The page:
Raúl Esparza in ‘Seared.’ (Photo: Joan Marcus)
Move over, Gordon Ramsay. We know the world of Theresa Rebeck’s Seared well.
In the East Coast premiere of Rebeck’s play at MCC Theater, Chef Harry (Raúl Esparza) and his business partner Mike (David Mason) have opened a modest spot in Brooklyn. When a blurb about Harry’s scallop dish lands on the pages of New York Magazine and catapults the restaurant from obscurity to best bite, Emily (Krysta Rodriguez), a consultant with big ideas, arrives to amp up the operation.
Harry’s uncompromising perfectionism becomes his Achille’s heel. It’s a theme not unfamiliar to Rebeck. Her recent work, Bernhardt/Hamlet, examined French actress Sarah Bernhardt’s efforts to stay relevant in a male-dominated theater industry. She’s written candidly about her experience on the short-lived TV series Smash. Rebeck resiliently forges ahead, having made her Off-Broadway directorial debut this past summer with Dropping Gumballs on Luke Wilson. Though not on stage, she appears in much of Seared as the playwright continues to wrestle with themes that have emerged throughout her career.
Amid Rebeck’s occasionally talky script, that is, at times, too self-aware, the actors hustle around scenic designer Tim Mackabee’s realistic set, which is equipped with a functioning gas range, running water and a commercial fridge. Esparza chops, sears and plates with authority, handling his chef’s knife with the kind of confidence I’ve seen from real-life chefs. Never mind that he double dips a utensil into a condiment before adding a scoop to a sauté pan, or tops a piece of crispy fish with a chutney that would likely render it soggy.
Like any masterful dish, a play is only as good as the sum of its parts, and Esparza and Mason are great sparring partners. Esparza elicits empathy in spite of his character’s flaws and sense of entitlement, such as when Harry assumes his waiter, Rodney (W. Tré Davis), likes lima beans because he’s black and later rages about Emily’s involvement, saying, “You tell me that I’m supposed to suddenly be ‘consulting’ with some girl.” Mason, meanwhile, discovers levels in Mike’s exasperation, which ranges from financial fears and betrayal to the delicate balance between craft and commerce.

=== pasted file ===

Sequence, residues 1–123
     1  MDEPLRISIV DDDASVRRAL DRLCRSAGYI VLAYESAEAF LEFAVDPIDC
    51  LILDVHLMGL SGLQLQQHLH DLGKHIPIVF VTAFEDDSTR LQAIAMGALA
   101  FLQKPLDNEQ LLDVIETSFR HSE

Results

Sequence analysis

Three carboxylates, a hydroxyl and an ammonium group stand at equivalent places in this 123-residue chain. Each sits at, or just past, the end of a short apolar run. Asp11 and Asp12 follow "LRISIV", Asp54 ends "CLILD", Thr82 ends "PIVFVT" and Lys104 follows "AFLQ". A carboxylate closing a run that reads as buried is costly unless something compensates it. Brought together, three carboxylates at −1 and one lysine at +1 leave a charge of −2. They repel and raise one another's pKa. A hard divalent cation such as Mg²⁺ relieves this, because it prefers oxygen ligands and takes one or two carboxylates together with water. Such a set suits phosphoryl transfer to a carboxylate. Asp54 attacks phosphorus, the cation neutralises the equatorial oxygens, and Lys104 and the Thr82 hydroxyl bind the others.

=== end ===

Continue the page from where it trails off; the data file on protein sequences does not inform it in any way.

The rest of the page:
Rebeck’s positions Emily as the voice of reason and action in a male-dominated industry. And while some might find the character’s professional manipulations ethically questionable, she certainly gets more done than the pair had managed on their own, though Rodriguez never quite digs deep enough to reveal the underbelly of Emily’s fervor.
Nor does the script provide a logical explanation for Rodney’s emotional investment or culinary chops when a critic arrives at the eleventh hour. It’s in this moment of histrionics that Rebeck’s play veers toward schtick, with director Moritz von Stuelpnagel navigating the cast through a maddening dinner preparation and service.
The server-turned-chef is, perhaps, the most enlightened of the bunch. “All this bullshit you’ve been spouting? Everything you think you know! That cost you everything,” explains Rodney. “Not because somebody stabbed you in the back. That’s because you won’t bow to it. You won’t bow to your own talent.”
Ego and fear are like oil and vinegar. No matter how hard you try, they’ll never combine. Add a bit of mustard (or compassion or empathy), though, and you create a vinaigrette. Rebeck’s recipe for Seared has all the elements. If the proportions sometimes feel a bit off, no matter. It’s a dish to savor.
The Robert W. Wilson MCC Theater Space
511 West 52nd Street, NYC
Through December 15
Matthew Wexler is The Broadway Blog’s editor. His culture writing has appeared in Dramatics Magazine and on TDF Stages and ShowTickets.com. Matthew is a member of the American Theatre Critics Association and a past fellowship recipient from The Eugene O’Neill Theater Center’s National Critics Institute. Read more of his work at wexlerwrites.com.